On the one hand this is savage AF! On the other hand it points out the impact our earliest relationships have on our continued functioning. I work with individuals struggling with Impostor Syndrome, and a key component that I have found is a consistent theme of having a parent that was very critical; always pointing out areas of improvement, and at the same time being very restrictive with the praise they gave. In fact, praise was often only given when my clients were damn near perfect!
As adults people struggling with Impostor Syndrome live with a high level of self-doubt, low self-confidence, and fear of failure. As a result the person may hesitate to seek out opportunities for advancement, become anxious when given an award or new responsibility, and fail to connect themselves to the success they've achieved. They go through life questioning the success they’ve achieved and often feel as though they aren’t deserving of said success. Therapy focuses on the following:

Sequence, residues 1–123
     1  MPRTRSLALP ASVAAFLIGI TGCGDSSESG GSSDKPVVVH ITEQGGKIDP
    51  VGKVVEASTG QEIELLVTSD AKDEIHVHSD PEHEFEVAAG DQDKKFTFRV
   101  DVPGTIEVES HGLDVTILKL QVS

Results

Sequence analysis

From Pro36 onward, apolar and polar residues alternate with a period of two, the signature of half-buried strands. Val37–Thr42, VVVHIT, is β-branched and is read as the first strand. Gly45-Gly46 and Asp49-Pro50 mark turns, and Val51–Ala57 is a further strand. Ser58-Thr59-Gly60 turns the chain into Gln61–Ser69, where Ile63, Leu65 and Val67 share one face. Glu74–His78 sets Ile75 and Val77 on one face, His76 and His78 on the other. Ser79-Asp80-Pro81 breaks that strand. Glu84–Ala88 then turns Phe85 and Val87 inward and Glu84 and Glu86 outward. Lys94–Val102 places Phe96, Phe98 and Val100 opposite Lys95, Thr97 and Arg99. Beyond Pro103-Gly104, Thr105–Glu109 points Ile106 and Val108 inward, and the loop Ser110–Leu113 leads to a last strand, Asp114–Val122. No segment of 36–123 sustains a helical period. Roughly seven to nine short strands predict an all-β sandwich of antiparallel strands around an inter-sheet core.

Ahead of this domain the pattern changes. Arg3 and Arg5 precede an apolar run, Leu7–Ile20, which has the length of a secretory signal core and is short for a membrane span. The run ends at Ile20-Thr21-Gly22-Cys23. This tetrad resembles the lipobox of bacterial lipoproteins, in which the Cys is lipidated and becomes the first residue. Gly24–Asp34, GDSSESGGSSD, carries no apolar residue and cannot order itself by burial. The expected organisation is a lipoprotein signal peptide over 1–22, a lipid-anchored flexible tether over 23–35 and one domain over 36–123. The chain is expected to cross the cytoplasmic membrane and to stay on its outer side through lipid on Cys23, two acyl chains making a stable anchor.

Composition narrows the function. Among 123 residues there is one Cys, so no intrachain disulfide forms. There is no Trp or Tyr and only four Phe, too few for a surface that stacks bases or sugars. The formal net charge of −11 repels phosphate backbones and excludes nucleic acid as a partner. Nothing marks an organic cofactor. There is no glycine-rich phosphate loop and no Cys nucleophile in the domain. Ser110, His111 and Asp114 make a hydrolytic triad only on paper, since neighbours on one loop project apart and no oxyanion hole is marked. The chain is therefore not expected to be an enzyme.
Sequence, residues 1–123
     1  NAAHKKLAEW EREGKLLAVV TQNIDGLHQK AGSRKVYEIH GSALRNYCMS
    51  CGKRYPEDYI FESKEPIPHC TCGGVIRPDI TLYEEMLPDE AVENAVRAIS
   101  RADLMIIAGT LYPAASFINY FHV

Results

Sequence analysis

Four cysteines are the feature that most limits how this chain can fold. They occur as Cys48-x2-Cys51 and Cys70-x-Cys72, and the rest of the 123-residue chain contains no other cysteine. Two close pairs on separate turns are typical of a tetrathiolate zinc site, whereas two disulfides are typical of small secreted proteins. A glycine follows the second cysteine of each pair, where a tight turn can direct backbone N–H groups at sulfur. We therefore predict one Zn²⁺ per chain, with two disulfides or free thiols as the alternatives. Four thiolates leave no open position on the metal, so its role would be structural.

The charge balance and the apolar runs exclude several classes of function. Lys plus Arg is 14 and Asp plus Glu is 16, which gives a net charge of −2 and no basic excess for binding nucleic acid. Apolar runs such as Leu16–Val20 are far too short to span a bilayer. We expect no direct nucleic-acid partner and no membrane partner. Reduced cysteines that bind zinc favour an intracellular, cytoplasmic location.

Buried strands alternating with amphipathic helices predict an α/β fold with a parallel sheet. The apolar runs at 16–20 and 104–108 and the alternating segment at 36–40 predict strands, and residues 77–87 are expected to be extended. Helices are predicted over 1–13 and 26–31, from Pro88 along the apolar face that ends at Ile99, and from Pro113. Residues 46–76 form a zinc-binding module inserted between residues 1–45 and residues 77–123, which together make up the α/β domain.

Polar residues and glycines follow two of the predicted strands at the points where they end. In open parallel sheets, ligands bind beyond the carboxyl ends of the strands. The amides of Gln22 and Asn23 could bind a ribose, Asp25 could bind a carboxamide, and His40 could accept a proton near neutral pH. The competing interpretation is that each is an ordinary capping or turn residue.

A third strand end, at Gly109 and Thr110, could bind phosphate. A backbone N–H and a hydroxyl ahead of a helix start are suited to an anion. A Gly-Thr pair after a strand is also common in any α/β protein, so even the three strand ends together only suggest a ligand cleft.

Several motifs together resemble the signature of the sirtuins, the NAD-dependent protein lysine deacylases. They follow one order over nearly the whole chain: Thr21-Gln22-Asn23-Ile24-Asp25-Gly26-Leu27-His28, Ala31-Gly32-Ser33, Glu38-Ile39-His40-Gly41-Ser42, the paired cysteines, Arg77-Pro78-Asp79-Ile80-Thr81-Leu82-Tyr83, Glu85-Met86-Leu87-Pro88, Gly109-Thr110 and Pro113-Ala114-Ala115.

Identifying irrational beliefs about their abilities and self-worth
Gaining insight and awareness into how these irrational beliefs were created
Teaching tools to challenge those irrational beliefs and transform them into a more rational way of evaluating oneself
If this is you or someone you know connect with me. You don't have to be fearful of being successful. 9 times out of 10, you're already killing it, you just don't believe it. To contact me or to inquire about therapy click here.